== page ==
an Illness?, and complete the table using input from the teams.

Ask students to use the definition of illness developed earlier to Pages 95–96
decide whether depression and sadness are illnesses. After reaching Step 5
the consensus that depression is an illness, write the criteria for
depression on the bottom of the transparency: A diagnosis of
depression is based on having five or more symptoms of depression
nearly every day for more than two weeks.

Activity 3: Observing the Depressed Brain


Ask students to remember again how doctors diagnose depression. Page 97
Step 1
Remind students that the brain is the part of the body affected in Page 97
depression and that scientists don’t know what causes depression. Step 2
Ask how scientists might investigate the causes of depression.
Tell students that they will look at PET images of the brains of one Pages 97–98
person who has depression and one who does not. Ask students to Step 3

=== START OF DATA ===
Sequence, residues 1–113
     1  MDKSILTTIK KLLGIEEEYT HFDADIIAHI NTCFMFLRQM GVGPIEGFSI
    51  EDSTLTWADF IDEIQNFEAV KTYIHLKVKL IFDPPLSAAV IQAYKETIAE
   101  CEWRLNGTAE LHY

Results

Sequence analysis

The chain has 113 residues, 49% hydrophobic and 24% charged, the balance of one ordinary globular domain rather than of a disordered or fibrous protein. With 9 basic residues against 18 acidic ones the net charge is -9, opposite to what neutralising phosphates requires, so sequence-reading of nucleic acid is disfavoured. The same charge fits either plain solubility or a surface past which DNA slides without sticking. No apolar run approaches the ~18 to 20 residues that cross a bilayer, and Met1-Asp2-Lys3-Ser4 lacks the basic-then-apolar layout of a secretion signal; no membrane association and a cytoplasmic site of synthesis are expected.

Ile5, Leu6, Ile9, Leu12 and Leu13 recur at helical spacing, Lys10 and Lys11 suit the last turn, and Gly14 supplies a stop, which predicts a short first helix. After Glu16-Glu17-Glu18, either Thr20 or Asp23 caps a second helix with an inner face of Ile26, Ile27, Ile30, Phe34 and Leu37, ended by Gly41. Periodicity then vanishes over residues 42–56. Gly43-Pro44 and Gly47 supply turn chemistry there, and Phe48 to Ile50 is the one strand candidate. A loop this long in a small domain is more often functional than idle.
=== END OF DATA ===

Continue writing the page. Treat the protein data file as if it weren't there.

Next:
predict what they will observe on the images.
Reorganize students into their teams and direct them to the Page 98
computers. After accessing the Web site for Lesson 2, instruct them Step 4
to click on “Looking Inside the Brain.” Ask students to write three
observations of the PET images.

Reconvene the class and ask groups to share their observations of Pages 98–99
the PET images. Step 5

103

Student Lesson 2
The Science of Mental Illness

Present the following situation to students: People who have strep, Page 99
asthma, or diabetes usually go to the doctor for treatment, but Step 6
many people who think they might have a mental illness don’t see
a doctor. Ask students to decide whether people who might have a
mental illness should go to the doctor. Instruct students to include
information from the definition of illness in their answer.

Lesson Wrap-Up
Ask students to summarize the main ideas of this lesson by writing a Page 101
few sentences in their journal.

104
Lesson 2 Organizer: Print Version
What the Teacher Does Procedure Reference

Activity 1: What’s the Health Problem?


Introduce activity by explaining to students that they will play the Page 88
role of medical interns to learn about diagnosing patients. They will Step 1
review two medical cases.
Organize the class into teams of two to three students and number Pages 88–89
the teams 1 through 8. Give each team 1 copy of Master 2.1, Step 2
Analyzing the Cases.